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Elderly eager to expand education

Although it may be hard for traditional college students to believe, the longing to gain more knowledge never truly goes away for some people.

More than 1,000 retirees from the area have chosen to continue their educational journeys as part of Bradley’s not-for-profit, volunteer-driven organization called Osher Lifelong Learning Institute (OLLI). There are only two requirements to join: be at least 50 years old and have a desire to learn.

Lifelong learning programs are not entirely new to Bradley. In 1994, the Institute for Learning in Retirement (ILR) was established. In 2008, OLLI became possible due to a grant from the Bernard Osher Foundation.

Through two separate $1 million gifts from the foundation; OLLI is a highly distinct Osher program.

OLLI programing includes classes, study groups, learning trips, lectures and cinema events. They are all non-credit and OLLI members pay $95 for classes per season and $45 for eight weeks of 2-hour study group sessions.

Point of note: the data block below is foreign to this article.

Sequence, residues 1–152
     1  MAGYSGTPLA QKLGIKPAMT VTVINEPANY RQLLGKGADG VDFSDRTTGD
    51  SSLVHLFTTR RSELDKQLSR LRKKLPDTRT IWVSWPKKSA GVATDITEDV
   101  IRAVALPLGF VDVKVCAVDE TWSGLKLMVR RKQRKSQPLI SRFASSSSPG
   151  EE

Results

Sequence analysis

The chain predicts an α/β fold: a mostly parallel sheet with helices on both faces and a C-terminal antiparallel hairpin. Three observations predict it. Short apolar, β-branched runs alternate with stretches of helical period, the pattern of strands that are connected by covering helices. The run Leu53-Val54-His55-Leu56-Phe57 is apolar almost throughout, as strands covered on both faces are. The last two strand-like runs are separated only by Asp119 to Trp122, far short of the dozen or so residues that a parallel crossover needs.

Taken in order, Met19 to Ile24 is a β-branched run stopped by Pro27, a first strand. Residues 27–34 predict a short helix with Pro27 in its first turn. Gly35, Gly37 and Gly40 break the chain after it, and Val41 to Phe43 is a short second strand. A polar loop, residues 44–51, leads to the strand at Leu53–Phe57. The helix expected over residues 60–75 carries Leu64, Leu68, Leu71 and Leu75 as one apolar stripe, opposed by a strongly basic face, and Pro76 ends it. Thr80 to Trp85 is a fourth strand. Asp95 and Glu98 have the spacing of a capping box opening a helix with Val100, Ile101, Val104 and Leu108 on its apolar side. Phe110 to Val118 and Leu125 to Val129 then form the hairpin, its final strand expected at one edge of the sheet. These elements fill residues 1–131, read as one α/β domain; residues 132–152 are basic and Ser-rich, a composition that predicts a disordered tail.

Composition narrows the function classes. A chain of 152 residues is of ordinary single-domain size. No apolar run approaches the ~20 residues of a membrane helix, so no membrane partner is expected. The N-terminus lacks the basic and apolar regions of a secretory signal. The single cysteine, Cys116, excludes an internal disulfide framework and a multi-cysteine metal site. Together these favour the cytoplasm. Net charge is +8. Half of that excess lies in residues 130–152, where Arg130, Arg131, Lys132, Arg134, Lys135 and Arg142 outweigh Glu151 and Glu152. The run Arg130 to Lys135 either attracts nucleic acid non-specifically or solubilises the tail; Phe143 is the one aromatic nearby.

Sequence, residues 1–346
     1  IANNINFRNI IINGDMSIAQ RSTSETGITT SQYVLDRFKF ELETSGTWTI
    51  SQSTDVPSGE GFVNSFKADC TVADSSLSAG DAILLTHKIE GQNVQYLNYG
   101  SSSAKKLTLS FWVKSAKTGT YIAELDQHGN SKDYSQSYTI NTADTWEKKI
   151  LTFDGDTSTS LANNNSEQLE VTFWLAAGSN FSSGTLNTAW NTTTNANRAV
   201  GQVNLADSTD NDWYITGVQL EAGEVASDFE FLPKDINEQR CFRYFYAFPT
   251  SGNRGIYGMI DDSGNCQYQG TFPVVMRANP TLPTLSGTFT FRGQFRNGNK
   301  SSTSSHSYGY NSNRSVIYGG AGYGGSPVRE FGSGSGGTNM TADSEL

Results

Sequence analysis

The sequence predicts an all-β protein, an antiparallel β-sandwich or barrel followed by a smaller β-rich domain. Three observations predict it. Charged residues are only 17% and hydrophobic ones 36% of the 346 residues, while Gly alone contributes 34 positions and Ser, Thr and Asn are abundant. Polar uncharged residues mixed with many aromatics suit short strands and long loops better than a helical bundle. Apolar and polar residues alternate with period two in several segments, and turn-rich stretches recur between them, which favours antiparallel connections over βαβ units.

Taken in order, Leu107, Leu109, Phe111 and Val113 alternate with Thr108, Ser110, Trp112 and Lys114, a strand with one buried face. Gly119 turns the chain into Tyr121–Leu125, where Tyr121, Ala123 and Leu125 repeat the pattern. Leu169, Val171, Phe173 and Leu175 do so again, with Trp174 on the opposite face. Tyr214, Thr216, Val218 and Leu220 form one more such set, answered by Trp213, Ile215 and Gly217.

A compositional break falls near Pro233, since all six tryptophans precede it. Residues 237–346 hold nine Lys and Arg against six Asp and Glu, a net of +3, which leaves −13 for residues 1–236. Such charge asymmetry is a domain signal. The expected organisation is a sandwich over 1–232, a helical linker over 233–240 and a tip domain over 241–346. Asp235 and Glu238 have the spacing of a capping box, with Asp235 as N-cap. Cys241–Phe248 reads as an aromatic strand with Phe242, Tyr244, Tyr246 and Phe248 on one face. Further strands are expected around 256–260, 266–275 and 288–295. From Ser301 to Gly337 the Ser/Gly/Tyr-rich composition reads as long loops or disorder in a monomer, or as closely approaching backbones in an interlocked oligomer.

OLLI offers 60 classes in the spring and fall and 30 classes in January. Classes are held for four consecutive Wednesdays in October and April, plus four consecutive days the second week of January. Senior citizens register for a total of four classes each session they participate.

“OLLI members have a desire to stay vital and active as they reach and enjoy retirement,” Michelle Riggio, assistant director of OLLI, said. “One way to do that is to keep learning.”

Additionally, local trips in Central Illinois that usually include a behind-the-scene look at businesses are $25, and the lectures are free. The cost for cinema events varies, but “Free Flicks” are funded by member donations.

Retirees look to learn more throughout the years and Bradley’s OLLI program helps them do so through their various classes, field trips and lectures.

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